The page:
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280e and large (or any size) retailers selling CBD

Philip Eldred's Profile

The law is clear that CBD (a cannabis derivative) is only federally legal to sell as an ingredient in an FDA approved medication, such as Epidiolex, which is currently the only approved drug containing CBD. Unless CBD is contained in an FDA approved medication it is considered a Schedule 1 controlled substance. Section 280e makes clear that any business which "consists of trafficking in controlled substances (within the meaning of schedule I and II of the Controlled Substances Act)" cannot deduct expenses.

For cannabis businesses in states which have legalized cannabis this has been taken to mean that businesses can only deduct cost of goods sold, often leaving them with a tax burden greater than 100% of profits.

Additionally, several accountants whom I have consulted have insisted that this burden extends to parent companies of cannabis businesses, and that siloing cannabis-related business into a subsidiary will not protect the parent from the tax implications of 280e.

However, several large national retailers are now selling CBD products, including GNC, Amazon, Walgreens, CVS, and others. Shouldn't this activity expose these companies to section 280e? And shouldn't that burden apply not only to their cannabis-related sales, but also to all of their sales, effectively wiping out any potential profitability of typically low-margin retailers?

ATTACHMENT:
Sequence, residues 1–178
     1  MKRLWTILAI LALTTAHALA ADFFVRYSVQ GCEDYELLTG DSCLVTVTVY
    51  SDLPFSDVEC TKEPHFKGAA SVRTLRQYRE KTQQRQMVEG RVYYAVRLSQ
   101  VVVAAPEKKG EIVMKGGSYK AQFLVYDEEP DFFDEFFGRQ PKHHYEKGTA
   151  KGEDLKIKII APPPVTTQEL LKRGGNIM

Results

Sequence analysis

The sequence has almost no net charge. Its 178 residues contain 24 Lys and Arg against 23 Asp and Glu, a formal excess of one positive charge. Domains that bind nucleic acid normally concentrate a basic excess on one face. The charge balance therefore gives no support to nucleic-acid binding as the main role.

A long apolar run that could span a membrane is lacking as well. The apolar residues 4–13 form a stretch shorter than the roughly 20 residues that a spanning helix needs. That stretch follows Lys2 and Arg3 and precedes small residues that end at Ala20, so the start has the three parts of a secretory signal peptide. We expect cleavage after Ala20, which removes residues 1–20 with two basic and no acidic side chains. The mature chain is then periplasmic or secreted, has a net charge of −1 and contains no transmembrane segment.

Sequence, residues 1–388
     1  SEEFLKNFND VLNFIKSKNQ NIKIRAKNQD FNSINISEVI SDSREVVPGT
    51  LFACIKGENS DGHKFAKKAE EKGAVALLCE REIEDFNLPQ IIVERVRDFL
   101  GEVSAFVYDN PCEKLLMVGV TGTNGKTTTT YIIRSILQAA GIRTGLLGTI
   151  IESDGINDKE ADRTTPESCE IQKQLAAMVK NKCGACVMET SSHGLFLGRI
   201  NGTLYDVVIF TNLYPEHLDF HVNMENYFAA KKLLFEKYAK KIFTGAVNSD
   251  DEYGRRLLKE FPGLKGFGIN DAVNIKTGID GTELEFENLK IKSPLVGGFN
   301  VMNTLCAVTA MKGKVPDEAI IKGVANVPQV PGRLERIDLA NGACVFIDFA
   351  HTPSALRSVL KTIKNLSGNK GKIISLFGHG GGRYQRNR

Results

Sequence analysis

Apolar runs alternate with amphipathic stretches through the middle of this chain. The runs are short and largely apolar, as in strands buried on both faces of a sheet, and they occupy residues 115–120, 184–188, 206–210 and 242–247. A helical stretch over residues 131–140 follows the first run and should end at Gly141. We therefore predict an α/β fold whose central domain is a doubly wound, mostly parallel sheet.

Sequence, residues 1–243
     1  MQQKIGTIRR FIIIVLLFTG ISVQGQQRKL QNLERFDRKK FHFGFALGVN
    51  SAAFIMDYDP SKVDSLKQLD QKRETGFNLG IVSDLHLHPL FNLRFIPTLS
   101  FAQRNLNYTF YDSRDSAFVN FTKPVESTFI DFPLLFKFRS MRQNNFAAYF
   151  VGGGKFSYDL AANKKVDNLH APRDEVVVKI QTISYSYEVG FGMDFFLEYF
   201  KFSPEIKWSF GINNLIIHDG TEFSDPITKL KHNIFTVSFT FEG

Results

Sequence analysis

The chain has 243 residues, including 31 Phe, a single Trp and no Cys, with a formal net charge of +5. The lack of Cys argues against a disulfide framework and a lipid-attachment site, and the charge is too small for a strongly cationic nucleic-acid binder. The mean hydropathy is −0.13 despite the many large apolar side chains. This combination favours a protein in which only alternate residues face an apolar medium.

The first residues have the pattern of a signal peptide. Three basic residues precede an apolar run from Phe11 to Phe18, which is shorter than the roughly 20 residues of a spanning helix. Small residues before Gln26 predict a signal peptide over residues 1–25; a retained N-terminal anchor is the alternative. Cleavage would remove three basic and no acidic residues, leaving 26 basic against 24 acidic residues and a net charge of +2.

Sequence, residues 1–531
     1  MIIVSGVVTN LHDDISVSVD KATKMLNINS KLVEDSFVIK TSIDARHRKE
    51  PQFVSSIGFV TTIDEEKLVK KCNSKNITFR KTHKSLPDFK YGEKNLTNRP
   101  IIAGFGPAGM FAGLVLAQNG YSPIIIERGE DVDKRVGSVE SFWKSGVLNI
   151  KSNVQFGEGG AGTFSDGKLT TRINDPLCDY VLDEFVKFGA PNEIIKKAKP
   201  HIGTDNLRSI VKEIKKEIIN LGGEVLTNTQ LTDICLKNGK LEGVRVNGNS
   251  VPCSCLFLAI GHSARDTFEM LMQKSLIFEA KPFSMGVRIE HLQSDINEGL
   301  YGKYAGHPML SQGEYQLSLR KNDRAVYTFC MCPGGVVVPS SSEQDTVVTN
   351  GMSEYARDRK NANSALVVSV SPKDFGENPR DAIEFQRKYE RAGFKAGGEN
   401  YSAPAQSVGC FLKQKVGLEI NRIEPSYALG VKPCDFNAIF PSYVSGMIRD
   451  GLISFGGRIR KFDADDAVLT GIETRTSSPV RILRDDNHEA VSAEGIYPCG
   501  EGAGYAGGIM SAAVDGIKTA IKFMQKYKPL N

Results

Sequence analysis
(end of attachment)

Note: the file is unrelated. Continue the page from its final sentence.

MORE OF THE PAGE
Is there something I am missing, or are these companies simply betting that they will not be subject to enforcement?


Andy Vance
Title: Editor
Company: TaxExplorer.Club, LLC
(Editor, TaxExplorer.Club, LLC) |

IRC Sec. 280E disallows the deductions related to the trafficking in controlled substances. Under Sec. 12619 of the 2018 Farm Bill, CBD derived from hemp was removed from the list of controlled substances, so IRC Sec. 280E no longer applies to these products ( But CBD is still illegal in several states so there may be state tax implications.


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